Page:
iLife 09 (2): iPhoto - Faces, Flickr and Facebook

By Graham K. Rogers



With the update to iPhoto, (part of iLife) users have some new ways to organise and distribute photographs. The application initially used the idea of "rolls" as an organising method, which later changed to the "Event", while still using Date and Time displays. To these Apple has added Faces and Places: collection and organisation of photographs of people and of locations.

Many of us use our cameras to take pictures of people: family, friends, parties. When we take scores of images over a period of time, it becomes hard to track them all easily. Faces uses some sophisticated tools to help with this: including the technologies of face detection and face recognition.

To use the features, we first select a photograph or a group of images and click on the Faces icon: bottom left of the panel. The software identifies faces in the image with markers that show, "Unknown Face." We can type in a name at this time. If the face is clear enough, moving to the next image of the same person should bring up a panel with the words, "Is this? . ." and the name of the subject.


When a person's face is seen at an angle, or the subject is wearing glasses, there may not be an instant or correct identification. Obviously some photographs will have several people in them so these can be in several Faces collections.

A "Face" icon is in the sidebar and when clicked, images of those in the selections appear on a cork-board background. Passing the mouse over an image reveals all the pictures identified up to that time. The top image can be changed by pressing the spacebar. Also, selecting the "i" reveals an information panel and we can click on a photograph to make it the top image. That panel can also be used to add full name and email details.


Double clicking on the main image reveals all the pictures of the individual and suggests others in which the person may appear. When we click on a "Confirm Name" icon in the bottom toolbar, the displays are resized to centre on the face and we can click to accept, or click twice to refuse. As this is done, more images may be offered for inclusion. To remove a Face from the cork-board, we drag the collection to the iPhoto Trash icon in the sidebar.


The selection of faces can be ordered by dragging the icons around the cork-board and by selecting several we can create a Smart Album so that, for example, all images of a family are selected.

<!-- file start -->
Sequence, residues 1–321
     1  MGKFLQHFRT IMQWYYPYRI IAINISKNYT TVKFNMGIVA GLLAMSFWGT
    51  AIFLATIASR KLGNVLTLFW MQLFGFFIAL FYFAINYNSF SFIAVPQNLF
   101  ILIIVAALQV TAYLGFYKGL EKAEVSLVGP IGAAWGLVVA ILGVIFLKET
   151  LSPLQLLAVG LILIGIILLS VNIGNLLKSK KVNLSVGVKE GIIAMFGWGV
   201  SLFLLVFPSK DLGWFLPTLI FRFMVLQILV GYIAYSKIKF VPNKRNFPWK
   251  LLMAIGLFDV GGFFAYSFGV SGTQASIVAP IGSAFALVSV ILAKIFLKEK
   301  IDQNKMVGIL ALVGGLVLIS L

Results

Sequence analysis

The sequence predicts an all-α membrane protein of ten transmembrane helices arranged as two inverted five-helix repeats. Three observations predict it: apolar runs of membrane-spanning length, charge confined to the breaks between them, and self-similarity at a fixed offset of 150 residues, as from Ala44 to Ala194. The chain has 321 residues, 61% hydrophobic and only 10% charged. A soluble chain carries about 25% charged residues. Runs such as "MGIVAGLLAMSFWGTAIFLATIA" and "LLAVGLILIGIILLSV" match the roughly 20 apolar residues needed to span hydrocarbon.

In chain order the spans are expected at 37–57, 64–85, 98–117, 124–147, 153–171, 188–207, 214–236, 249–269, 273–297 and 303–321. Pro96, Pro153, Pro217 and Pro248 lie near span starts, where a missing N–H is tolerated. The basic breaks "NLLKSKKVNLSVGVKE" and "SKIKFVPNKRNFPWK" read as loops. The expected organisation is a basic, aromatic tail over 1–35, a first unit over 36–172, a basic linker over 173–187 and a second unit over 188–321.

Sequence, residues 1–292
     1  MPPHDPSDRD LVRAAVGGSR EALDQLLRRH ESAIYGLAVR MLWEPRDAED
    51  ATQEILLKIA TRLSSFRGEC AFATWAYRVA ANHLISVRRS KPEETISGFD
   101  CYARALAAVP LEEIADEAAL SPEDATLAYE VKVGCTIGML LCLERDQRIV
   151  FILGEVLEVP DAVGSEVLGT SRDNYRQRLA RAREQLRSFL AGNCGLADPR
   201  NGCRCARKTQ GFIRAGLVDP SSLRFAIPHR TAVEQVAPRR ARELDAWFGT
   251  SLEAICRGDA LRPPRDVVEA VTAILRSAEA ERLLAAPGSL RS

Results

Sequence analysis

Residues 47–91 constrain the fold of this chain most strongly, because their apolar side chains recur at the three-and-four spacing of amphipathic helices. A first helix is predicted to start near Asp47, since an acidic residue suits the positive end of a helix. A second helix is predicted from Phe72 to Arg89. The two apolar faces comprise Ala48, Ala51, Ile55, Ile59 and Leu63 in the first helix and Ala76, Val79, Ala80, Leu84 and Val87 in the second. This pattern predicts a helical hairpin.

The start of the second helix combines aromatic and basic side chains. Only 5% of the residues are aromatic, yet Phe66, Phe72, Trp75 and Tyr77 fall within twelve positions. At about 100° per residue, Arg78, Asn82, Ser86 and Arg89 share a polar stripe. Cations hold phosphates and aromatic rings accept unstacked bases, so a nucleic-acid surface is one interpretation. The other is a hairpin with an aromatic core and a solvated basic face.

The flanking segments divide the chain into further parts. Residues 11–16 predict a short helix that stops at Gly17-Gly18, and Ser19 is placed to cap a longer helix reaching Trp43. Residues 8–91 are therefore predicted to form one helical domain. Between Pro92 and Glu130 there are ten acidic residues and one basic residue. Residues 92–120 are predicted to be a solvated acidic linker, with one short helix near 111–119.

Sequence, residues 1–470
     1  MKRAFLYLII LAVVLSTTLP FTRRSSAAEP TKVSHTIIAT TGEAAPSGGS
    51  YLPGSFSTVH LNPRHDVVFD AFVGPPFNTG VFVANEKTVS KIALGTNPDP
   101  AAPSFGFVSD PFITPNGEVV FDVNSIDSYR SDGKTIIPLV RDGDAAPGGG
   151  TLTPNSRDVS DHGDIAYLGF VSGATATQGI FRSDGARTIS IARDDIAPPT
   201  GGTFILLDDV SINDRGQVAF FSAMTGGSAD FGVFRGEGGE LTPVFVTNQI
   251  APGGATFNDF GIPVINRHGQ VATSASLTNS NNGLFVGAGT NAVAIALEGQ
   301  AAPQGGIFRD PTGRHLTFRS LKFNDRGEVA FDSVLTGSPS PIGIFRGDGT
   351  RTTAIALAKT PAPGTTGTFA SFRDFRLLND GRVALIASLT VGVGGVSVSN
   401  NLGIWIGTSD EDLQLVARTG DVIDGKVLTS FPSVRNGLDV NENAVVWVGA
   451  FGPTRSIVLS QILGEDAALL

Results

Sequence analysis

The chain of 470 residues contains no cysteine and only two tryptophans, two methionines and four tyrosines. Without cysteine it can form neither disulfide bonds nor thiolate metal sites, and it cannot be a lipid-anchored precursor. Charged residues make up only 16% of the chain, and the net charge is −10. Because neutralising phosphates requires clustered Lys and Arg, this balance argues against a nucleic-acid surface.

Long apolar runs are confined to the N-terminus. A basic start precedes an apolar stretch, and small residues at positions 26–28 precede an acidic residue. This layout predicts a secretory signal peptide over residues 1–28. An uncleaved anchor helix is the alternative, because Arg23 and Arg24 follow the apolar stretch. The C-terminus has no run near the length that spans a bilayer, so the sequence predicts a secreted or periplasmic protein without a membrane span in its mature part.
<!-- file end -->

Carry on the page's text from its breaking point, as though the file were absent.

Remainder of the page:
A value of photographs is in the ability to share them with others and iPhoto has long allowed this with the slideshow, as well as being able to create books, calendars, cards and to send images by email. These features can be selected using icons on the bottom toolbar. Added to these are other sharing features: to Apple's own MobileMe and now to the social networking sites of Facebook and Flickr.

Facebook Once activated each of these allows an easy upload to an account on those services. The first time it is done requires authorisation to be granted, but following that it is an easy task, depending on network connections.

Facebook is a service for, among other things, sharing images. Once uploaded, the information and URL can be sent to other people we know. There may be problems publishing to FaceBook if the album uses non-alphanumeric characters like * or % in the title.

With Facebook, if there is a face in an image that was not initially identified, someone else accessing Facebook may identify the person and the next time the user is online the tag will be added to the image in iPhoto.

Facebook Flickr similarly requires users to sign into an account. When photos are selected we click the icon which links us to the site. On the Flickr account page the user is asked to allow the use of the uploading method direct from iPhoto. This was identical to authorising the Flickr plugin that I use in Aperture.

To test this out, I uploaded a selection of shots from my garden to go with the others already online. I later followed this with another group of photographs uploaded to Facebook. The images being transferred are displayed in a window in iPhoto and a blue progress bar is displayed at the top right of the panel.

I later added more images using Aperture and these synchronised back to iPhoto.


When completed, the URL is also displayed on the iPhoto page and there are now Flickr and Facebook icons in the panel on the left similar to the MobileMe ones I have in Aperture. The Flickr set took its name from the top album in iPhoto, but the title can be edited online.

The images uploaded from iPhoto can be found at the respective Flickr and Facebook pages. Also online are a selection of MobileMe images

See Also:

  • iLIfe, Part One: Purchase and iPhoto Slideshows

  • iLife, Part Three Editing and Places

  • Full text of all three iPhoto 8 articles

  • Print version all the iPhoto 8 articles

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